Neighborhood Characters

By Joe Flaherty The New York Times, October 21, 1979 Of late, whenever one encounters an urbanbased novel, especially one set in Manhattan (or worse yet, in Greenwich Village), it’s odds on to be a claustrophobic affair; the activity is usually limited to treks to...

The Love Ethic on 125th Street

By Joe Flaherty The Village Voice, April 11, 1968 In times of national tragedy the barometer of the mood of the people can best be researched in saloons and cathedrals. Being more comfortable in the former, Friday afternoon I stopped into a pub in the Wall Street...

Love Song to Willie Mays

By Joe Flaherty The Village Voice, August 26, 1972 When Willie Mays returned to New York, many saw it—may God forgive them—as a trade to be debated on the merits of statistics. Could the forty-one-year-old center fielder with ascending temperament and waning batting...

Why Has the Fun Fled Fun City?

By Joe Flaherty The Village Voice, October 27, 1966 They all stood there waiting for the helicopter to come down. You had the feeling some of them wouldn’t have minded if it didn’t make it on its own power. Up in the sky was the mayor of New York, John V. Lindsay. He...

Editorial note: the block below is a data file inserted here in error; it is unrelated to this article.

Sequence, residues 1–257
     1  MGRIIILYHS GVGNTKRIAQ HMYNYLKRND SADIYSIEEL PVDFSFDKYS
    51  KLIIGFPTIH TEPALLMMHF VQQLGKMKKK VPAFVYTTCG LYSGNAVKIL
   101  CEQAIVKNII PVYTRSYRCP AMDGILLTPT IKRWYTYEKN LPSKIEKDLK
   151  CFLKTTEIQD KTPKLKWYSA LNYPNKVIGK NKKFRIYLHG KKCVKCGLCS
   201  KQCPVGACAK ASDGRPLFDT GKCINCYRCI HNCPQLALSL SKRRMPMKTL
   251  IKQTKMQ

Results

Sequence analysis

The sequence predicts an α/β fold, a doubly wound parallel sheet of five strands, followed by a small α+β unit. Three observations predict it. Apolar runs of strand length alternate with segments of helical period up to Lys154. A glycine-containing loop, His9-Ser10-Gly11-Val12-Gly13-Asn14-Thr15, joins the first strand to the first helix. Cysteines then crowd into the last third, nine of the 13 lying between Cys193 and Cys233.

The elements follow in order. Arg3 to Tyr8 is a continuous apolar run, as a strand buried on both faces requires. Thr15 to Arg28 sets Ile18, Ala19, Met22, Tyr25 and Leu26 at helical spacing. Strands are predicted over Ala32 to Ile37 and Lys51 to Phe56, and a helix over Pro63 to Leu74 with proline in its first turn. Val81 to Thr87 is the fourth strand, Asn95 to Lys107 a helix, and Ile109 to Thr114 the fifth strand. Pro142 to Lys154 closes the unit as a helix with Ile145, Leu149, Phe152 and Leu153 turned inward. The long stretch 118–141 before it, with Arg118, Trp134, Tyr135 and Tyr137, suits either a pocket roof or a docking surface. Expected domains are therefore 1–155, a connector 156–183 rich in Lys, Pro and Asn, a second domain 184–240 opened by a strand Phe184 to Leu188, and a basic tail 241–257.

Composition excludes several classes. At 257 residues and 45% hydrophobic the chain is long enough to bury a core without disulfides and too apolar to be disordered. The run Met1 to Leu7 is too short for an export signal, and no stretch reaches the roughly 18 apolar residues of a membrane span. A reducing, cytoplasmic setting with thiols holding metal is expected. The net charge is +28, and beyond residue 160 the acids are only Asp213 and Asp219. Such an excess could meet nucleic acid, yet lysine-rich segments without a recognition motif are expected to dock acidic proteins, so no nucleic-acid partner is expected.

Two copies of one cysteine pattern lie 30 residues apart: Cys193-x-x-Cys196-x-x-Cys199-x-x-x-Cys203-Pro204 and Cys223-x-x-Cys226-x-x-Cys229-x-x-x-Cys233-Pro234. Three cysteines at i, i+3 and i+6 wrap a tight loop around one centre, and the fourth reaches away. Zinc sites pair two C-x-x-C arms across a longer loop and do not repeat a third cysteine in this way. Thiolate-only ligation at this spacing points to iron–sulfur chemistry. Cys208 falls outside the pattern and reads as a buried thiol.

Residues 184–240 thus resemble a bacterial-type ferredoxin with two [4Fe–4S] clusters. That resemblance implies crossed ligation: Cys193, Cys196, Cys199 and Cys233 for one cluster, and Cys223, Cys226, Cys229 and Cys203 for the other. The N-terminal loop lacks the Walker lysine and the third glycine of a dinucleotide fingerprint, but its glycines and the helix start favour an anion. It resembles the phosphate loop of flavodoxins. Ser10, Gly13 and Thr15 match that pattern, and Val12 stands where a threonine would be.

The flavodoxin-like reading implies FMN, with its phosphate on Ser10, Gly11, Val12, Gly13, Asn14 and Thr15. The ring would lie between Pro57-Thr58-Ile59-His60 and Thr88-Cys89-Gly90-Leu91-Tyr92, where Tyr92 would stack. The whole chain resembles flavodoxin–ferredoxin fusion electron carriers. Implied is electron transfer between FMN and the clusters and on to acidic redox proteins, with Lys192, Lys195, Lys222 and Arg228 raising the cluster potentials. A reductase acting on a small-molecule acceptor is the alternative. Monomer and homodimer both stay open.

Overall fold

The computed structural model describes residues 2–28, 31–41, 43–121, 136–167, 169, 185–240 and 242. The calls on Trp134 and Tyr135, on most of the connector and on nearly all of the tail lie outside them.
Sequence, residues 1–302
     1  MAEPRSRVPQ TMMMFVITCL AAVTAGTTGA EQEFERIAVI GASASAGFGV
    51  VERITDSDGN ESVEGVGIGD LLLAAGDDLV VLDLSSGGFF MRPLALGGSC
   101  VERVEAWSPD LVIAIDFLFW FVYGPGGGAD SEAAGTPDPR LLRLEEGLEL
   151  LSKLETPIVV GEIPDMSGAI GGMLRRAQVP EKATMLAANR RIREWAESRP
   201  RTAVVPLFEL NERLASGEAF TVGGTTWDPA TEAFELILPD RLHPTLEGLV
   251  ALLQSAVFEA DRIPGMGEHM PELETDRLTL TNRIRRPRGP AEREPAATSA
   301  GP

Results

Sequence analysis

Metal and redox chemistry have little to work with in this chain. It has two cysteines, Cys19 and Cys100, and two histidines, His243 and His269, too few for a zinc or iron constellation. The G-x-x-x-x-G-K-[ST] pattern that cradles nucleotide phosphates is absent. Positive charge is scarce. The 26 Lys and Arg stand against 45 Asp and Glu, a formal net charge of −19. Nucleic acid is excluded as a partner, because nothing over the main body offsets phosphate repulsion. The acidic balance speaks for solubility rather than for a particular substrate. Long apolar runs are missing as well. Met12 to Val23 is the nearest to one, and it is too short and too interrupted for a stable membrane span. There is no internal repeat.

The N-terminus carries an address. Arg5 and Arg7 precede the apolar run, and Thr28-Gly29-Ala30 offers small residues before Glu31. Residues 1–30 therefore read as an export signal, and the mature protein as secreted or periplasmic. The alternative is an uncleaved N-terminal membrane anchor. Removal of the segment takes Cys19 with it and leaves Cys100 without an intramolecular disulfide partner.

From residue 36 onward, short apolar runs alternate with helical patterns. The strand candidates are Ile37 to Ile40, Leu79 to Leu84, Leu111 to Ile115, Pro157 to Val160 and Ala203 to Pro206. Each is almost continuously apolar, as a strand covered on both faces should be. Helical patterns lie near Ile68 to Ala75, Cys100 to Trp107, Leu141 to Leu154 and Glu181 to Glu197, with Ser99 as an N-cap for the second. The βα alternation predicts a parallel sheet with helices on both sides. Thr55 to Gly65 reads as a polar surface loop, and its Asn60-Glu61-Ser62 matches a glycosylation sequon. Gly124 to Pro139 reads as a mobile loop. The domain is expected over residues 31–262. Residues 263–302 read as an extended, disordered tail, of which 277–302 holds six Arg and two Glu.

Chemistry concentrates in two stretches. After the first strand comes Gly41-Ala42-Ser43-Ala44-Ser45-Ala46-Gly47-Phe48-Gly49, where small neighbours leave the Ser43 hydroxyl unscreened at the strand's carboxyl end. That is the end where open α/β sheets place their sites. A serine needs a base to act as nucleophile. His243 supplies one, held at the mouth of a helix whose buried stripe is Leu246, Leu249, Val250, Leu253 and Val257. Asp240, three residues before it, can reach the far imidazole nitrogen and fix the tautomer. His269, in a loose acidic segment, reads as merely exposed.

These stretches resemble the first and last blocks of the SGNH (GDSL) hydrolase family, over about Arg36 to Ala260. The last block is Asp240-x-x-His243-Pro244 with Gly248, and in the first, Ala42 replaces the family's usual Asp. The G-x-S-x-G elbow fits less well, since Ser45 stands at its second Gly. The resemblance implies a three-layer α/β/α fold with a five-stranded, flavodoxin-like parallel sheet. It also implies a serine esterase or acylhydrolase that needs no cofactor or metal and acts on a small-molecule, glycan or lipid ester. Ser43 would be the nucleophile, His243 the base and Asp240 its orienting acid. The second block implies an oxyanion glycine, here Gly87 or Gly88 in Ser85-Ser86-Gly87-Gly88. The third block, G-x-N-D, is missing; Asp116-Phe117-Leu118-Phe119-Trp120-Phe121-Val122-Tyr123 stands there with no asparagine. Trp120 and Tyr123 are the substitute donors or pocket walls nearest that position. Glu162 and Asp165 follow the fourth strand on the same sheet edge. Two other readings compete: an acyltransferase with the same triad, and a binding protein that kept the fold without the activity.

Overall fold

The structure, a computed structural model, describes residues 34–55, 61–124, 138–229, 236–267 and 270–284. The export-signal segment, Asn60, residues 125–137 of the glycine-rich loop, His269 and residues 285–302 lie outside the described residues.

Rocky’s Road

By Joe Flaherty Film Comment, August 1982 For sheer emotional impact, the two movies that struck a deep societal chord over the last decade were Death Wish and Rocky. The first is easy to fathom. Charles Bronson (if he’s frightened, we’re not paranoid) cinematically...

Sympathy For the Devil

By Joe Flaherty Inside Sports, January 1981 All lives are failures in some degree or another. Somewhere along the line we fudge the pristine youthful dream. Even when we achieve, the compromises we’ve made, the injuries we’ve inflicted sully the prize. But most of us...

Toots Among the Ruins

By Joe Flaherty Esquire, October 1974 Across the isle of Manhattan these days floats a torch song for the past. The wail seems to be strained through a muted horn or, better yet, siphoned through a derby. What occasions this is the belief that the Apple has turned...